New Prime Minister Jenny Shipley proposed a referendum to give Aucklanders a choice of retaining the fund or cashing in.
Opponents, including Auckland's mayors and regional chairs, labelled the share give-away a bribe.
In April 1998, the referendum legislation was put to a vote in Parliament and Fletcher and Banks crossed the floor to defeat
Wearily, Shipley's cabinet agreed in June to replace the trust with an investment agency called Infrastructure Auckland with assets of $900 million ($650 million being port company shares) and $140 million cash.
In August the Yellow Bus Company was sold to Stagecoach Holdings of Scotland, adding $111 million to the fund.
The agency's legislation directed it to invest in public transport and stormwater disposal but with its board chosen only indirectly by Auckland councils it would have a great deal of autonomy to assess
applications for funds.
It proved to have too much autonomy for the liking of councils that knew exactly what they wanted: an integrated public transport network of electrified rail lines fed by local bus services. The North Shore, lacking train lines, would have an exclusive busway.
Meanwhile the Auckland City Council had been pressing ahead with its own plan to bring the central railway station back to Queen St by redeveloping the dilapidated Britomart block it had inherited from the Harbour Board.
The original station had been there until 1907 when the Government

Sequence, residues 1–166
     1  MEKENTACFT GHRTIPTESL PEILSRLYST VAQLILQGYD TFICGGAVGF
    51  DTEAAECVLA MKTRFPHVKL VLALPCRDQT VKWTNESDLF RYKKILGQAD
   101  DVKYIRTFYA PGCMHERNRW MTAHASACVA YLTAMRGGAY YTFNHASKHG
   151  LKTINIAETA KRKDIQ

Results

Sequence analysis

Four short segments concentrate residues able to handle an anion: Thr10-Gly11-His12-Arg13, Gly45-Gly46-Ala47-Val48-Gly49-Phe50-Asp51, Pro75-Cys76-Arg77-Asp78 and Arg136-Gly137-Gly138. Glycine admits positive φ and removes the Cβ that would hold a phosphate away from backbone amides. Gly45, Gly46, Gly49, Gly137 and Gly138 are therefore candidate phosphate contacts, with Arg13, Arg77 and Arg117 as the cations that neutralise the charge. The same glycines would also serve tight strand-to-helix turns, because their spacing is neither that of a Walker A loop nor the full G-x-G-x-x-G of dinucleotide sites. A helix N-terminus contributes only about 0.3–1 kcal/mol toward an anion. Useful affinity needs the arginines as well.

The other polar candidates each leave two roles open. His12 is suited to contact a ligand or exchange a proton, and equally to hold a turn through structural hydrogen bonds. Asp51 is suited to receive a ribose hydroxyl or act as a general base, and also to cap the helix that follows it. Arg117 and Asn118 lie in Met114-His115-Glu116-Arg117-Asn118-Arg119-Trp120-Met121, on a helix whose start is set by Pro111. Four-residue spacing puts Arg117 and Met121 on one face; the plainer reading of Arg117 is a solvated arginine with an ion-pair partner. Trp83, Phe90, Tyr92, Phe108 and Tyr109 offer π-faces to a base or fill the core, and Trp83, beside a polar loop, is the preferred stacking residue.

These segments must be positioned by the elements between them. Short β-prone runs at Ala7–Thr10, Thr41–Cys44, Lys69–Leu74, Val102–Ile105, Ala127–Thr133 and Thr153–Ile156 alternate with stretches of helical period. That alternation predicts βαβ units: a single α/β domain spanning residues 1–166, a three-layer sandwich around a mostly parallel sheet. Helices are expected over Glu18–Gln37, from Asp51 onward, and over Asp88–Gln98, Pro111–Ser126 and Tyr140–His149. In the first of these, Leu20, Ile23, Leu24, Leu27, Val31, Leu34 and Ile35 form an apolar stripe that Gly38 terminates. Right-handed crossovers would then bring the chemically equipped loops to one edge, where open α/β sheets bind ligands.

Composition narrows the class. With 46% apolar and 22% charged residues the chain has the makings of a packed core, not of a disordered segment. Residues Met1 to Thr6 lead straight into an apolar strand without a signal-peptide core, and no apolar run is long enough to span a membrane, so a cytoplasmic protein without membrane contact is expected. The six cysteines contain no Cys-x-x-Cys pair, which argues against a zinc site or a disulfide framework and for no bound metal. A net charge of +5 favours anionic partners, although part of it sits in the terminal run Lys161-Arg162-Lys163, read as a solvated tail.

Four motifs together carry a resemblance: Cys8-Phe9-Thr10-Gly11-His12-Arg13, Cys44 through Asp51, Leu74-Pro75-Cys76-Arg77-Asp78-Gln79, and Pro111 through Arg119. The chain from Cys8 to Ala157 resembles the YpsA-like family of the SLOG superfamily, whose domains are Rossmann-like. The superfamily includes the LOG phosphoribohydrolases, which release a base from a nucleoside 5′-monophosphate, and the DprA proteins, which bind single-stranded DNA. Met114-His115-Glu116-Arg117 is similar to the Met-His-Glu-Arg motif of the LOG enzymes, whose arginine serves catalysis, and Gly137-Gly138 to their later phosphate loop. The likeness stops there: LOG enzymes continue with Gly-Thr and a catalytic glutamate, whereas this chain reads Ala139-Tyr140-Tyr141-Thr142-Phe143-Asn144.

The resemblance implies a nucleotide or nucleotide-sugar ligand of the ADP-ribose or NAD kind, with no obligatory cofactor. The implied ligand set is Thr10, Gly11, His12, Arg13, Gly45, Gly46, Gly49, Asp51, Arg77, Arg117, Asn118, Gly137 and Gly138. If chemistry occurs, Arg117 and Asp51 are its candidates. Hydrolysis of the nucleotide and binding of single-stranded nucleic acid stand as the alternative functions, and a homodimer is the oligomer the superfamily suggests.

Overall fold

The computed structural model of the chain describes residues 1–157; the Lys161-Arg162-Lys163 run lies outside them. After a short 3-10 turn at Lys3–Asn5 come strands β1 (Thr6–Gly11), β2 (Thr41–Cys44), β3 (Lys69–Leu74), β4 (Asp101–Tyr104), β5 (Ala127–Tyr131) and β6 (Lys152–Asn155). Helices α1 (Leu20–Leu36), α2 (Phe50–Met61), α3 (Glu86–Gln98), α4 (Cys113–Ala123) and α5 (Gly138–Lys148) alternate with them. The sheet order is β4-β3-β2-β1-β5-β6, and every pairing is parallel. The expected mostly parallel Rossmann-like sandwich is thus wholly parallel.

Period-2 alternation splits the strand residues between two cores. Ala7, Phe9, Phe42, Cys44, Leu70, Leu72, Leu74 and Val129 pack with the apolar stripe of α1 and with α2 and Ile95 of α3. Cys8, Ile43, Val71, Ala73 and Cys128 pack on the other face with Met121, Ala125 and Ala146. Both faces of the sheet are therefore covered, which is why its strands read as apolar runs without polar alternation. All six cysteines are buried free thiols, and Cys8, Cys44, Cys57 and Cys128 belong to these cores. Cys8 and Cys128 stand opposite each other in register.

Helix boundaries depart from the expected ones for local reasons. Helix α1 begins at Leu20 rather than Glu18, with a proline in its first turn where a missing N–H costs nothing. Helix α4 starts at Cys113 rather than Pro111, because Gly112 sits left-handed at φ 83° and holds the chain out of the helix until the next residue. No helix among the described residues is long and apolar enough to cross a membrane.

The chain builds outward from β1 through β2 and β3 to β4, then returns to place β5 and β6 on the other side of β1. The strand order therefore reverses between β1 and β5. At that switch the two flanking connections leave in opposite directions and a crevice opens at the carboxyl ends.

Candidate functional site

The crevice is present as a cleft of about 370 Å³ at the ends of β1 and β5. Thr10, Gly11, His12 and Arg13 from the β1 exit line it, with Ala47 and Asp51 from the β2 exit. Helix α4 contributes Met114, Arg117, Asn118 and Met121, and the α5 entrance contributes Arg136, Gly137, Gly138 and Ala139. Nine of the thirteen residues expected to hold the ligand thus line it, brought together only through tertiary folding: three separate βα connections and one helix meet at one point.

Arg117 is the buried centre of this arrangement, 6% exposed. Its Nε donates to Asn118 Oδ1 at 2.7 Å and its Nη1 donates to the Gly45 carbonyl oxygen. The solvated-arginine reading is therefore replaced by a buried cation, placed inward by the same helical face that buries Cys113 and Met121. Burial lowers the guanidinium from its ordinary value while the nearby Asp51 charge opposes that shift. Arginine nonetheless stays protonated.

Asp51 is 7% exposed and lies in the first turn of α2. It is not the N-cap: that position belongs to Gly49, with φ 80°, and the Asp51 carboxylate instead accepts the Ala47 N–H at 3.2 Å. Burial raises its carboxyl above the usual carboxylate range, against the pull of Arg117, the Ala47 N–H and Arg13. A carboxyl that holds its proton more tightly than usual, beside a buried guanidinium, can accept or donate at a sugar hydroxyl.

pushed it eastward to make way for a new Central Post Office.
Then in 1927, for reasons that eluded all subsequent generations, a grand new station was built even further east on land reclaimed from Mechanics Bay.
By 1992 the railways were under pressure to get rid of grossly underused assets such as the Auckland railway station and the marshalling yards that extended almost to Britomart Place.
But Maori were given first claim on the rail assets and Ngati Whatua in Auckland did not want trains running across their newly acquired city-edge estate. To bring the line to the now disused CPO the council would have to go underground.
In 1995 Mayor Les Mills announced a $300 million multi-level underground transport terminal for buses as well as trains and possibly, in time, light rail trams. It had car parking floors as well and Mills insisted the whole project would not cost ratepayers a cent.
The cost was to be fully recovered from office blocks to be built on top. The Historic Places Trust put paid to that plan, defending the early 20th century buildings that would have to go.
By 1997 the scheme was being criticised as too big, too costly and of dubious value. It looked more like a property development than a practical transport terminal. Who would catch buses underground?
Among its opponents was Christine Fletcher who campaigned for mayor against it in 1998 and won. Two years later the council produced a scaled-down scheme which she championed.
The underground levels would be for trains alone. The carparks had gone, the buses would use Queen Elizabeth Square. One day, light rail trams might run from ground level portals in or beside the retained Post Office frontage.
By that time the Government had changed, Infrastructure Auckland was out of favour and in 2004 its assets and cash were put in a holding company under the wing of the Regional Council.
The wheel had turned full circle - but the busway and Britomart were built. The rail plan remained dependent on decisions in Wellington but slowly it was making progress.